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Inadequate foundations for a new school in Scotland have been boosted by the installation of 700 minipiles.

Seven hundred minipiles have been used to correct excessive settlement on the site of a new school in Glasgow.

Roger Bullivant installed the piles beneath existing pad foundations for the steel frame structure of the Summerhill School in Drumchapel.

Bullivant underpinning manager Paul Doyle says: 'Vibro stone columns installed beneath the pad foundations were unsuccessful mainly due to the underlying silty soils being much weaker than identified by the site investigation, leading to excessive settlement of the steel frame.

'Bullivant was called in to suggest an acceptable method of underpinning the entire structure and we decided to install minipiles.' The ' rm won the £300,000, 10week job from main contractor Kier Scotland. Construction was put on hold while it underpinned all of the 130 pad foundations with between three and six minipiles, depending on load, with each pile designed to accommodate a safe working load of 110kN.

Each minipile has a hollow drill bar, installed to a depth of 10m and flushed with grout to create a stitch pile. The stitch piles installed beneath the steel frame provide a competent means of transferring load from the pad foundations, through ground containing loose silty clay, to a ' m stratum of medium dense sands.

The piles work in compression relying mainly on skin friction, with an element of end bearing on the medium dense sands. They are formed from 2m lengths of 40mm diameter hollow bar, coupled together with screwfixings as the pile descends into the ground.

Bullivant's remedial work began by drilling a 150mm diameter hole for each of the 700 pile positions, through the 600mm deep reinforced concrete pad foundations. A down-the-hole hammer, driven by one of two 901 series mini piling rigs, provided a clean cut through the foundations.

Site workers used the same 4t rigs to install each drill bar through the newly created apertures in the pad foundations. The first 2m length of bar contained a sacrificial steel cross-bit cutting head that bored through the silty clay as the bar was rotated into the ground.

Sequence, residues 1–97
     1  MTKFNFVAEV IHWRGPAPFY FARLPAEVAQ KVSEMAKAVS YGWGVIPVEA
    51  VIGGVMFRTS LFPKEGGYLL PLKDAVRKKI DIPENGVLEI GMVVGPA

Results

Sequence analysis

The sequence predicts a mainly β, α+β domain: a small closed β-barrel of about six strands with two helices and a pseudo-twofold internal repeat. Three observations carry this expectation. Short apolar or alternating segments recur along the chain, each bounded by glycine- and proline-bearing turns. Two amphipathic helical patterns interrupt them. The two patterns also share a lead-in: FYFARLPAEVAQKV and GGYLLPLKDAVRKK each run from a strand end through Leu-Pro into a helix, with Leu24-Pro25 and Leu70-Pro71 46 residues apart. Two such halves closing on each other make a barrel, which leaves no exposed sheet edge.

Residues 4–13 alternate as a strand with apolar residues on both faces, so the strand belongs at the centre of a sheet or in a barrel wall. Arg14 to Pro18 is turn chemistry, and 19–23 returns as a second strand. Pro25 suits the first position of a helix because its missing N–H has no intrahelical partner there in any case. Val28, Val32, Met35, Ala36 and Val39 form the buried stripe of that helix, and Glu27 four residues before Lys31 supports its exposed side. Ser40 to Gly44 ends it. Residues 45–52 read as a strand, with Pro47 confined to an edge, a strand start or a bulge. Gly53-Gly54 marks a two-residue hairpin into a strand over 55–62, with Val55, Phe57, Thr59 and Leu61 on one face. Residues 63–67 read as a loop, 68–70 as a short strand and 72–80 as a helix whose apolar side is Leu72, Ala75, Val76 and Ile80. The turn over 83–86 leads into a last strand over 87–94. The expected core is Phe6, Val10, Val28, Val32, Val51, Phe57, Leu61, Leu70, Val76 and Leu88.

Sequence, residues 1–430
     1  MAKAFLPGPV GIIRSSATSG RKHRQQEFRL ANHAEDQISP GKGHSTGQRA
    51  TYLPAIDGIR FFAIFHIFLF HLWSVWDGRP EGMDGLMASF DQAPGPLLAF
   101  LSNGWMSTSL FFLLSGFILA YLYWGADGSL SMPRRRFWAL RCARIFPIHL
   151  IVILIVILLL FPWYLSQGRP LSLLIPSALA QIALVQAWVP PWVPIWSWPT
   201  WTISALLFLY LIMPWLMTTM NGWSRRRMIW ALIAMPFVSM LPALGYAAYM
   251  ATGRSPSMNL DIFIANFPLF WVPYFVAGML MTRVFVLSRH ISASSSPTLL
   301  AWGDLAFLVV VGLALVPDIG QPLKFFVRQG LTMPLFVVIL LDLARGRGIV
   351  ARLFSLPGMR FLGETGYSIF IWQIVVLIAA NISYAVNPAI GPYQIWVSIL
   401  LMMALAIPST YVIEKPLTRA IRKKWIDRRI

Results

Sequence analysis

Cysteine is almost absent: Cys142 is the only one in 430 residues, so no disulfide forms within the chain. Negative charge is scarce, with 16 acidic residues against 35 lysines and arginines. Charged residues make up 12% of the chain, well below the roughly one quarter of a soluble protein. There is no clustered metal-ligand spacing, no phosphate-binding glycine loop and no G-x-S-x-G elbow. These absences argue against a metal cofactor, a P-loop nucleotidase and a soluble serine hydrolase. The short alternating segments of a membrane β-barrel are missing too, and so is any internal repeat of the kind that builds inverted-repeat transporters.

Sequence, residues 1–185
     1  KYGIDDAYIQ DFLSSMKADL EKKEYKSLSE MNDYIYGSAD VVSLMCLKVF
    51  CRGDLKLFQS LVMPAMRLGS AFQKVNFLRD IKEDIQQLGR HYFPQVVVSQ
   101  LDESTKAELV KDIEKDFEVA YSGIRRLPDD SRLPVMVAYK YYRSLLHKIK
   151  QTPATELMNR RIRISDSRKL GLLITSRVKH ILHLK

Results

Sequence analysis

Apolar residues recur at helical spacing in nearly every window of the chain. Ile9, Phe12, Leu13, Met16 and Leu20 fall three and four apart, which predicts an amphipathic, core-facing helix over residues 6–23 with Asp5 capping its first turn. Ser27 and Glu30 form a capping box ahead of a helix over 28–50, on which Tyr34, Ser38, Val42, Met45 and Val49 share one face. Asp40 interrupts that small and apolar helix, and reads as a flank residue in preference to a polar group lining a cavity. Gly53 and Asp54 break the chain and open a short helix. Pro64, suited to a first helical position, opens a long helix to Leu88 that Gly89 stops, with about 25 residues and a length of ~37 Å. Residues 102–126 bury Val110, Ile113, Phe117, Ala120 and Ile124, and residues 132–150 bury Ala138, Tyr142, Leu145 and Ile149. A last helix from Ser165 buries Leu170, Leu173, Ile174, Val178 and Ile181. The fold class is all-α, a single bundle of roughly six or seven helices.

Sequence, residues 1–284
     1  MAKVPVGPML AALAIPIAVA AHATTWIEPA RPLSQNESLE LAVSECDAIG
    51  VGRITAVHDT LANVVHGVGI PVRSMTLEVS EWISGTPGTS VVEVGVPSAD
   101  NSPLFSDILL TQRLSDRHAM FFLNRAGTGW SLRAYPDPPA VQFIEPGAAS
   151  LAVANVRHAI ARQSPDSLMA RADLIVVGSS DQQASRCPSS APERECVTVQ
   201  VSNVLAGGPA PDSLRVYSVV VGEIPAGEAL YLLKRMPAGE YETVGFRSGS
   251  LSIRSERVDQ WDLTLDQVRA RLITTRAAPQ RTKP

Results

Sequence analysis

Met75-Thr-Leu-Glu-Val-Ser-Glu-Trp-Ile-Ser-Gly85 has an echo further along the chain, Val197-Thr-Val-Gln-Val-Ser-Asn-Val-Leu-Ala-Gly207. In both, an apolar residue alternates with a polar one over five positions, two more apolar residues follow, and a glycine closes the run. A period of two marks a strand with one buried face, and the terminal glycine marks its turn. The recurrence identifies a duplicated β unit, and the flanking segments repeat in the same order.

Cementitious grout was continuously pumped through the centre of each drill bar and was injected into the ground through a pair of holes in the cutting head.

This helped to displace soil to aid the bar's descent and provided a structural outer core of grout - the design specified that each stitch pile had to have a body of grout at least 120mm in diameter along the entire length of the bar.

Grout was mixed on site with about 300kg injected into every pile position to create a stitch pile. It also provided a secure bond between the drill bars and the existing concrete bases, effectively turning what were pad foundations into pile caps spanning at least three piles.

'The use of drill bars in this way to underpin a structure is fairly unusual, ' Doyle says. 'Drill bars are typically used to provide a foundation for buildings as opposed to a remedial solution. Also, we do not often get to underpin a building that has not been fully constructed.' Further underpinning on site included stitch pile installation every 1.5m beneath ground beams that linked the pad foundations.

Doyle says underpinning using rotary bored drill bars provides a vibration free, quiet and quick alternative to driving piles. 'We considered installing bottom driven minipiles but that would have taken twice as long, ' he says. 'We were also concerned about obstructions that could have impeded the installation of a driven pile.' Bullivant's work is now finished and Kier Scotland is due to complete for client Glasgow City Council in September.

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